gives them a certain advantage when it comes to coaching. “There’s not a question that they’ve already been through some of the battles or wars you have to go through to be able to have success in the league,” Stein said. “Not only have they been through it, they both excelled as players and now as coaches.” Randa Dallas, who graduated in 1999, has been with the Lady Eagles for 15 seasons. During her time as a player, her team made NCAA Division II Tournament appearances in 1995, 1996, 1997 and 1998. They also participated in GLVC championships in 1995, 1997 and 1998. “I’m loyal to the program,” Dallas said. “I was very fortunate to be a part of when the program started building itself back up and becoming such a national powerhouse, so I felt very loyal and grateful for that.” Dallas said her former role as a player

Photos by JIMMY PYLES/The Shield

motivates her to coach a better team. “Just because I was around as a player when we were putting USI back on the map, I can use that experience as hunger because I want to keep us there as a national powerhouse,” she said. Coaching wasn’t always a goal for Dallas, until Stein offered her a position as an assistant coach. “Coach Stein saw something in me that I didn’t see at the time,” she said. “It kind of made me reevaluate what I was good at.” After 15 years, Dallas’s favorite part of the job is what happens off of the court. “My favorite part is being able to see our players reap the benefits,” she said. “The best part of my job is the really happy times. I’ve been to I don’t know how many weddings, gotten I don’t know how many baby pictures, so the best part for me is just when I can be a part of their happiest moments.”


Basketball Preview ‘13- ‘14

IMPORTANT DATES: HOMECOMING Feb. 15 against Missouri - St. Louis 2014 GLVC BASKETBALL TOURNAMENT March 2 - Ist round campus sites March 6 - Quarter Finals - Ford Center Evansville, Ind.

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Basketball Preview ‘13-’14

Tanner Marcum Position: Guard Height: 5-8 Class: Freshman Hometown: New Albany, Ind.

Mariah Nimmo Position: Guard Height: 5-6 Class: Junior Hometown: Groveland, Ill.

Stephanie Carpenter Position: Guard Height: 5-6 Class: Senior Hometown: Salem, Ill.

Autumn Miller Position: Guard Height: 5-7 Class: Junior Hometown: Louisville, Ky. y

Cayla Herbst Position: Forward/Center Height: 6-2 Class: Junior Hometown: Glen Ellyn, y Ill.

Kendyl Dearing Position: Guard Height: 5-6 Class: Freshman Hometown: Huntingburg, Ind.

2013-14 University of Southern Indiana Women’s basketball Anna Hackert Position: Forward/Center Height: 6-1 Class: Junior Hometown: Evansville, Ind.


Basketball Preview ‘13-’14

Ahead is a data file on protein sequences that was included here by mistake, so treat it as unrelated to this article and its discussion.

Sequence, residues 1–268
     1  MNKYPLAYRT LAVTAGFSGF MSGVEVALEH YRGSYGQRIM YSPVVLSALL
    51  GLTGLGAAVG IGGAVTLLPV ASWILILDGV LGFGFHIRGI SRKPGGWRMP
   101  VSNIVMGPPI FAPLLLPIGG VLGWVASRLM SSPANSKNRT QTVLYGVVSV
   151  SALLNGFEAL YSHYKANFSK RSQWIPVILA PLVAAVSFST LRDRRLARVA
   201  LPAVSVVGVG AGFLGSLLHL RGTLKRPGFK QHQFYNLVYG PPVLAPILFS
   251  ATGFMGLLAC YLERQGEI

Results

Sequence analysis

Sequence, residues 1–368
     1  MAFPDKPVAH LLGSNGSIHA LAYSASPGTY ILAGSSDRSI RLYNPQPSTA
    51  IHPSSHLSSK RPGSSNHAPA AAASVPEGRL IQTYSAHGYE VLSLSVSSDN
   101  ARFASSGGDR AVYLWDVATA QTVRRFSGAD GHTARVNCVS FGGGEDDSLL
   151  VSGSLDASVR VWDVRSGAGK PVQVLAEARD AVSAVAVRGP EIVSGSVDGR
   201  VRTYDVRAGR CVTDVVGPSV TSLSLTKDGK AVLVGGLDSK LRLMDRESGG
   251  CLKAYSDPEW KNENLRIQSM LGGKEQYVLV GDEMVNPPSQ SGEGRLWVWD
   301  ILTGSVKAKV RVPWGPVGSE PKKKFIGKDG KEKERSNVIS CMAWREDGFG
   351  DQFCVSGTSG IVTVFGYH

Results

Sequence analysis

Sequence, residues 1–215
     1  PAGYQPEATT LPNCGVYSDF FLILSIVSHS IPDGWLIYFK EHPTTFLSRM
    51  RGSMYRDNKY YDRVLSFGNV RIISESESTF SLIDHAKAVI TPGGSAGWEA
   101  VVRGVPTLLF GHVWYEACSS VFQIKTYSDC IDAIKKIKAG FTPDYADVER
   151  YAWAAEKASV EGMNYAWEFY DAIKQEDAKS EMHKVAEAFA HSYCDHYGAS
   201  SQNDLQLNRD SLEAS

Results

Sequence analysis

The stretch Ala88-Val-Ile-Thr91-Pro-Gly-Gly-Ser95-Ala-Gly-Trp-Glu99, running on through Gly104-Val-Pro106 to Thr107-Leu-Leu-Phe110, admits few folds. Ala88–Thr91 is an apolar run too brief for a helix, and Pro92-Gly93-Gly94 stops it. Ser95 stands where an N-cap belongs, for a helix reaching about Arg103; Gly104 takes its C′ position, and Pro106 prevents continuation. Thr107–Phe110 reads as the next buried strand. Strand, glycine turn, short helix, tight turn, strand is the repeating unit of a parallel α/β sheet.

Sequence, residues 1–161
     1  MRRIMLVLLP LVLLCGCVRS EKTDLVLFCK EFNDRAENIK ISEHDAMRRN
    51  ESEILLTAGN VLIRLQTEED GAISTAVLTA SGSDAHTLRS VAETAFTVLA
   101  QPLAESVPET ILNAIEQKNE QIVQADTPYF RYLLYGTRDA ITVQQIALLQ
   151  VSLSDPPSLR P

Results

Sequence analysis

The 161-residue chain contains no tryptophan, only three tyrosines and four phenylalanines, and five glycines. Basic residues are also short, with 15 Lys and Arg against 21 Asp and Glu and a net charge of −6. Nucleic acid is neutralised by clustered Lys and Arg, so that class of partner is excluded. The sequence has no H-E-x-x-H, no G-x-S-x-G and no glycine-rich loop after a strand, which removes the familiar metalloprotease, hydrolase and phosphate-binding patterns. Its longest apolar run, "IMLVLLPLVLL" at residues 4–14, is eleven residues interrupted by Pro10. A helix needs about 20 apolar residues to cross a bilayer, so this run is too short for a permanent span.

PAGE 13

Nicole Hazemi Position: Forward/Center Height: 6-1 Class: Senior Hometown: Lombard, Ill.

Taylor Stevenson Position: Guard Height: 5-9 Class: Junior Hometown: Olney, Ill.

Libby Ogden Position: Guard Height: 5-7 Class: Junior Hometown: Tipton, Ind.

Ariel Barnes Position: Guard Height: 5-5 Class: Senior Hometown: Henderson, Ky.

Jessica Parker Position: Guard Height: 6-0 Class: Senior Hometown: Bloomington, Ind.

Aubrey Minix Position: Guard Height: 5-9 Class: Senior Hometown: Grovertown, Ind.

2012-2013 Record Breakdown Overall

Mary O’Keefe Position: Forward/Center Height: 6-0 Class: Junior Hometown: Edwardsville, Ill.

Head Coach Rick Stein

Home Away Neutral

ALL GAMES

(17-10) (12-3)

(4-7)

(1-0)

CONFERENCE

(9-9)

(6-3)

(3-6)

(0-0)

NON-CONFERENCE

(8-1)

(6-0)

(1-1)

(1-0)


Basketball Preview ‘13-’14

2012 - 2013 GLVC statistical rankings

Scoring offense: 4th Scoring defense: 5th Scoring margin: 3rd

Assists: 2nd Steals: 12th Blocked shots: 1st

PAGE 14 Size continued from Pg. 8

being double-teamed, I have to know where that extra guy came in from and get it to the open spot on the court.” But make no mistake about it. When Nelson is at full health, it will not hinder him from doing what he does best: backing down the defender and using his size to create space and finish at the rim. “I really don’t feel like, one-on-one, I can be stopped from putting the ball in the basket from close range,” Nelson said. Nelson will team up with Wischmeier in the frontcourt to continue the counterbalance of the size and finesse which made it successful last season. The versatile 6-foot-8, 225 pound Wischmeier began last season with a reign of terror, averaging nearly 20 points per game in non-conference play. But, a thumb injury and the emergence of Nelson led him to accept a smaller role. Despite his size, Wischmeier isn’t expected to do the same amount of heavy lifting as Nelson. At his best, the Brownstown, Ind., native stretches the opposition outside of the paint, where his higharcing, mid-range jump shot can stretch the defense out considerably for Nelson and others. “(Aaron and I) play really well together,” Wischmeier said. “With him inside, I can stretch the floor out to 15-to-17 feet. That should open up things for everyone on offense.”

Senior continued from Pg. 9

Scoring offense: 4th Scoring defense: 8th Scoring margin: 4th

Assists: 2nd Steals: 10th Blocked shots: 9th

Defensive team. For the seniors on the bench, Hazemi, Minix and Parker combined for 281 points and 910 minutes of play in 2012. “Everybody can help us. Whether someone’s playing or not we have 14 players that are here because we think they can help us one way or another. Every day as a senior you can help this team even if its just communicating your knowledge about what we’re doing or just their experiences on the court.”